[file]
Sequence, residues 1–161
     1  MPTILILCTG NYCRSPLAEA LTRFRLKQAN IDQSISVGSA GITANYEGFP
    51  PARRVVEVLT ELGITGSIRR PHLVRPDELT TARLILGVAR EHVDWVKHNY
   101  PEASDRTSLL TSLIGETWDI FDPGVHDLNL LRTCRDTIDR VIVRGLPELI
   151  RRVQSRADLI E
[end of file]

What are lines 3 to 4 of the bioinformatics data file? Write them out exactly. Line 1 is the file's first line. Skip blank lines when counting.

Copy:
    51  PARRVVEVLT ELGITGSIRR PHLVRPDELT TARLILGVAR EHVDWVKHNY
   101  PEASDRTSLL TSLIGETWDI FDPGVHDLNL LRTCRDTIDR VIVRGLPELI